After years of playing guitar on and off, I decided it was probably time I learnt how to fingerpick. I’ve been getting pretty hyped for the new season of Game of Thrones, so I decided the GoT theme would be as good a place to start as any.

On the 23rd of July 2014 I photographed the wedding of John and Jane Carey (nee Crocker) at Yeldersley Hall in Ashbourne, Derbyshire. I haven’t photographed a wedding for years, but John and Jane are tutors at my old college and it was an honour to document their big day.

A couple more of Burt, following on from the recent photo post.

A rather regal-looking Burt Swan, photographed after the Swan family portraits.

I had the pleasure of photographing the Swan family a couple of weeks ago. Specifically, their newest member: Heathcliffe. It’s been literally years since I’ve photographed a baby – or taken any traditional family portraits at all, for that matter – so I had a lot of fun photographing baby Heathcliffe. I also photographed the Swan beagle, Bert – look out for photographs of him in the next couple of days.

I don’t print very often, but when I do, I always end up telling myself that I should print more. So I treated myself to some gratuitously huge 45×30″ prints. For an idea of scale, the photos pictured are on a double bed, and are a little taller (in their shortest dimension) than our doors are wide.

Three 30x45" Prints

Photobox have fairly regular sales for credits for their various services. This is great, because it means you can cash in on the time-limited sales without having to commit to which images you want there and then. I bought the credits for these prints 3 months ago, with only a vague idea what I wanted to print.

I ended up printing the following three images:

I say I don’t print very often, and yet I probably print more than most people. I hire out the darkrooms at uni to print every couple of weeks during term time (although this is probably just as much to do with tricking myself into feeling like I haven’t yet graduated, if I’m honest), and we bought a small A4 inkjet printer a couple of months ago with the intention of printing 6x4s on a semi-regular basis, alongside the odd invoice or job application or whatever.

Without meaning to go into a philosophical photography-snob monologue, the way in which photographs are presented definitely affects your relationship with the image in a significant way. Spending four hours in a blacked-out colour darkroom to produce a single 10×8″ chromogenic print certainly gives you time to bond with the image. AirPrinting a 6×4 from your iPhone creates a completely different relationship – something more throwaway (we usually have a selection of increasingly tired-looking 6x4s scattered over our coffee table), but still something tangible that exists in physical space, that you can pick up and pass around and rearrange, and which can’t be dismissed by closing a browser window. But a 45×30″ print is something completely different, something that you don’t typically encounter outside of a formal gallery space.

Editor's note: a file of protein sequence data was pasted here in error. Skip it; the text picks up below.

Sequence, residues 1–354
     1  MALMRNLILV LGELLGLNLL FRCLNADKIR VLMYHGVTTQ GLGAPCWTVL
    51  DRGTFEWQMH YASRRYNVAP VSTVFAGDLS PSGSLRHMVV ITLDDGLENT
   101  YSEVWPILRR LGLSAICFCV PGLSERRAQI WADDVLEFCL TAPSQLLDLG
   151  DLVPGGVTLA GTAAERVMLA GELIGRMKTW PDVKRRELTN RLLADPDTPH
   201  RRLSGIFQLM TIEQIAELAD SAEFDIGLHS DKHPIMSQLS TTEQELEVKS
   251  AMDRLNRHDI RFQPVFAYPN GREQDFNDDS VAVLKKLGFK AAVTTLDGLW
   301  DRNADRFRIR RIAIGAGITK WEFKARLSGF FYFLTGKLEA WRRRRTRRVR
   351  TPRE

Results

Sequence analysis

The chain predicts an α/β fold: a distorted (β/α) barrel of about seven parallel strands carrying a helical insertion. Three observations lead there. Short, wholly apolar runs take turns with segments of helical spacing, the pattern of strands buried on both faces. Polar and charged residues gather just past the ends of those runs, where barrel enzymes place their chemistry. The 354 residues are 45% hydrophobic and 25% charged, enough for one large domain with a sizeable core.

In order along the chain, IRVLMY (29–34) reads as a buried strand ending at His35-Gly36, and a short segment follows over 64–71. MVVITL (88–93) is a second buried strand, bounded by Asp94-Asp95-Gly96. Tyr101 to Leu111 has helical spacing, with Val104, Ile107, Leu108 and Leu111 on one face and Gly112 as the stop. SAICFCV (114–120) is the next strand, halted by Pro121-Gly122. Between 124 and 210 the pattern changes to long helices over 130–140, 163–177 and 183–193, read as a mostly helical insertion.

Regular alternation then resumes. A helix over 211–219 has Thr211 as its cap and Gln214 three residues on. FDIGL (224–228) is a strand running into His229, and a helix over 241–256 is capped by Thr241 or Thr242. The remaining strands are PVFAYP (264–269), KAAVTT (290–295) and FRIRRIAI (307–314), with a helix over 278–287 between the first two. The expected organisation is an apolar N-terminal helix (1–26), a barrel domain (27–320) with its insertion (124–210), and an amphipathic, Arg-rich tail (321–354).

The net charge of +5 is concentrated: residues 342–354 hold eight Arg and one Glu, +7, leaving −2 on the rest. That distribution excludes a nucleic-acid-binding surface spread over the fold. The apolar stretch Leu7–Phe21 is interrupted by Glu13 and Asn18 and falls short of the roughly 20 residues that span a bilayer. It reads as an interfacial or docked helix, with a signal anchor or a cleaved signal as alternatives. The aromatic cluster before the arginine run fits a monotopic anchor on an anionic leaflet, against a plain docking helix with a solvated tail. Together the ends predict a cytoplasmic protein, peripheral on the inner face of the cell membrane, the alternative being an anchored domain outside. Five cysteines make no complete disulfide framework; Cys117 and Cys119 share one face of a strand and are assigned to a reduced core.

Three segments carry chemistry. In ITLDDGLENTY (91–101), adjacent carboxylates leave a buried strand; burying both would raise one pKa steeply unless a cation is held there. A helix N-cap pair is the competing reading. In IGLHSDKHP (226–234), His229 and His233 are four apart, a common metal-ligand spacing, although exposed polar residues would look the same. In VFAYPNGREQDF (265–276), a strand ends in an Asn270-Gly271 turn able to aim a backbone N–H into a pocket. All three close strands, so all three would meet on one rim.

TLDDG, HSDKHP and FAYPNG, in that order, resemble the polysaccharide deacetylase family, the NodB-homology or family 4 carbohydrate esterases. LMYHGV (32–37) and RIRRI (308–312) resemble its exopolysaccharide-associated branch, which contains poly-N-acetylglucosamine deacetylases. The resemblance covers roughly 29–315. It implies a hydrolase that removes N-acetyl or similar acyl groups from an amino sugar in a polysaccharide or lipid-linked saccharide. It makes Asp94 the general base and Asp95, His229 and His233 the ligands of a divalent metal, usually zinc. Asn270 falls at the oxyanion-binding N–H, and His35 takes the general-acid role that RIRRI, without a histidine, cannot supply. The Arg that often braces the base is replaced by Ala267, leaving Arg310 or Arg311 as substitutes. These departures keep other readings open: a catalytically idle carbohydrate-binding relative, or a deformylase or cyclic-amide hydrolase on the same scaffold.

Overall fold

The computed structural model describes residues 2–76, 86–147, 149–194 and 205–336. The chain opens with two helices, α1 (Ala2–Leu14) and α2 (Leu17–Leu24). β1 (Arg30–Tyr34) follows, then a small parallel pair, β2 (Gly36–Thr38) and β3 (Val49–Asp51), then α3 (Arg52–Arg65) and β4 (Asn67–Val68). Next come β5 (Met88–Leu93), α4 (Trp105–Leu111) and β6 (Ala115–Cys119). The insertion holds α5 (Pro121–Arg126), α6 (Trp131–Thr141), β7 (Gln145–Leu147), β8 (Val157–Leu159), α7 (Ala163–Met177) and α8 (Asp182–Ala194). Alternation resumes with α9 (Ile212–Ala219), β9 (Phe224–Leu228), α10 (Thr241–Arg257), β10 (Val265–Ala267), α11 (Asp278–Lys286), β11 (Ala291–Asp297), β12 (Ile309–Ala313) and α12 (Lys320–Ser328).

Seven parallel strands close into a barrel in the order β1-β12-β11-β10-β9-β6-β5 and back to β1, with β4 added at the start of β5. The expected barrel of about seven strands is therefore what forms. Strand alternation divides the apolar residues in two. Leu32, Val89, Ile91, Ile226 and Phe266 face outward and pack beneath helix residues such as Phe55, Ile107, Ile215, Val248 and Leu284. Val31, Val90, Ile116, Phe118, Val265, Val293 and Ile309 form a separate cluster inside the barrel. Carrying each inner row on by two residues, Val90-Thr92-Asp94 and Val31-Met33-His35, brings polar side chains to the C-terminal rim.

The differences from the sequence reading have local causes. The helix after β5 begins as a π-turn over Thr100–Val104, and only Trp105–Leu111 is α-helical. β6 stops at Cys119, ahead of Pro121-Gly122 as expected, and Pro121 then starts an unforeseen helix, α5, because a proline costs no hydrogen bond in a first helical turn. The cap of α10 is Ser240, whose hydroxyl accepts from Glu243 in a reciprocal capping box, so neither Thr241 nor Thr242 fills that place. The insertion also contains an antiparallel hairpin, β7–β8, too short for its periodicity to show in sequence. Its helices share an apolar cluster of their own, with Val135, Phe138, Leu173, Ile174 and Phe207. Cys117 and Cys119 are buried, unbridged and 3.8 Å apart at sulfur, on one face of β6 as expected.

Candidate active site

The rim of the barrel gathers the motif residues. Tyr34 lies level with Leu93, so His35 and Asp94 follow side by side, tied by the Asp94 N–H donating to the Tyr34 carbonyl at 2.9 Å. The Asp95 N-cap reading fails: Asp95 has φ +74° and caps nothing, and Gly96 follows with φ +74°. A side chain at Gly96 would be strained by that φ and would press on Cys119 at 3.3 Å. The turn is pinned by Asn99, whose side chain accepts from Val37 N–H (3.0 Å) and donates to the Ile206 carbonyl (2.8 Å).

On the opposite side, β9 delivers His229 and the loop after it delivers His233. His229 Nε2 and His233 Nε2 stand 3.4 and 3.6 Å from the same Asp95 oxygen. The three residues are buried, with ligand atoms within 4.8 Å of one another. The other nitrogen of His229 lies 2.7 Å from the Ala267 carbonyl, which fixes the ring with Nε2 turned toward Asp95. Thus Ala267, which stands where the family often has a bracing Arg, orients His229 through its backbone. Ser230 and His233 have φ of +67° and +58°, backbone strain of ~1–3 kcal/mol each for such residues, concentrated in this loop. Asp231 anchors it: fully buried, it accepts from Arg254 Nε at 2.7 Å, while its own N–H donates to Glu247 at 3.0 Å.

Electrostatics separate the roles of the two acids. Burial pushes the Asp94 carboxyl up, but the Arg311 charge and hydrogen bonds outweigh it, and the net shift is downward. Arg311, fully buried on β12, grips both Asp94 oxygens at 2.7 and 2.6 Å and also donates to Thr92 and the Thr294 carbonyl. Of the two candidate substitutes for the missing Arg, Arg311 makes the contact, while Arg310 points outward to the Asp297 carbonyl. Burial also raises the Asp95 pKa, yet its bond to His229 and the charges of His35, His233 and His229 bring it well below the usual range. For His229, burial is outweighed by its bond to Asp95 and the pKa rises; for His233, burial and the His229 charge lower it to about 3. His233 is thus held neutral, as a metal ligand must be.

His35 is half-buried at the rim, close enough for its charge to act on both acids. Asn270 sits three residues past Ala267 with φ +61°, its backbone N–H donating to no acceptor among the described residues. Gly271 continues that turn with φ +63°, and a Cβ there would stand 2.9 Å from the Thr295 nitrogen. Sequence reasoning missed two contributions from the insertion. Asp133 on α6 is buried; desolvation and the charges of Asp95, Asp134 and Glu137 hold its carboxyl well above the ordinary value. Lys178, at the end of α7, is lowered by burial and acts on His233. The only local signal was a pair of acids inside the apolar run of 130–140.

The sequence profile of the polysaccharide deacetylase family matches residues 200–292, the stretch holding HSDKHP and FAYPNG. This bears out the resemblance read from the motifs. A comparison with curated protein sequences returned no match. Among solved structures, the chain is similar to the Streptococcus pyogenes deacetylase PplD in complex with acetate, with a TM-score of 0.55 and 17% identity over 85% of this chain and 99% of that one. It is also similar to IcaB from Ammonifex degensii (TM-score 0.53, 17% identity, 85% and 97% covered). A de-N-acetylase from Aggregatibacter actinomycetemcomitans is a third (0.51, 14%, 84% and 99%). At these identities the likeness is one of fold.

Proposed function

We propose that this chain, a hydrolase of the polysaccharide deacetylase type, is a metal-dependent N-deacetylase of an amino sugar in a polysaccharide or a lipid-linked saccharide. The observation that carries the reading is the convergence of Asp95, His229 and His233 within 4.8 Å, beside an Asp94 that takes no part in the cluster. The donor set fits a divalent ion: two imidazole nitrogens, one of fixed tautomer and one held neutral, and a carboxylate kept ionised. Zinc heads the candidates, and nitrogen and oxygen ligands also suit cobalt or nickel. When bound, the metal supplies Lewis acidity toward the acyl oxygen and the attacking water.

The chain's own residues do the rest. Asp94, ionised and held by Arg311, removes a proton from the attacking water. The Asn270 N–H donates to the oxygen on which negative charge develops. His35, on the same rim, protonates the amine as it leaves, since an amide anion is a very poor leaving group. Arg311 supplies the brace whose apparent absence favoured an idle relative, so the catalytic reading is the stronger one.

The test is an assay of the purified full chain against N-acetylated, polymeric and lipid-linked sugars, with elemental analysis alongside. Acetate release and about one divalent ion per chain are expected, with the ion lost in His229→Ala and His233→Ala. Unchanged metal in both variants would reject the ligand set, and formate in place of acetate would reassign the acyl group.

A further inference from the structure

Photobox currently have 40×30″ prints on sale at £12.49, down from £24.99, but only until Monday. If you buy photo credits rather than prints, you have 3 months to decide what you want to print. If you don’t have a Photobox account then contact me with your email address and I’ll send you a link which also provides you with 50 completely free 6×4 inch prints.

WordPress Logo

Today is the 10th birthday of WordPress, the platform that powers danfoy dot com, Creative Nottingham, and the majority of other web projects that I’ve worked on over the past 8 years.

WordPress began on 27 May 2003, as a fork of b2 (aka cafelog), and is now by far the most popular blogging platform in the world. It’s a mature and versatile platform, and has its own elegance, despite not being something that I’d describe as ‘lightweight’. ‘Blogging platform’ might be something of a misnomer – it’s grown massively in scale since I started using it around 2005, and can comfortably be used as a whole-site content management system (or CMS). It can be installed on any server that supports the requisite versions of PHP and MySQL. There is also a semi-free hosting service available at

I’m currently redesigning using WordPress and an awesome adaptive framework called Skeleton. With a little forward planning, Skeleton makes it much easier to design websites which scale gracefully from full-screen web browsers, down to tablets (in portrait or landscape orientation), to mobile phones. It’s going to be awesome. We’ll soon be moving the Creative Nottingham site to a Skeleton-based WordPress site too, with help from Nottingham-based design agency Strafe Creative.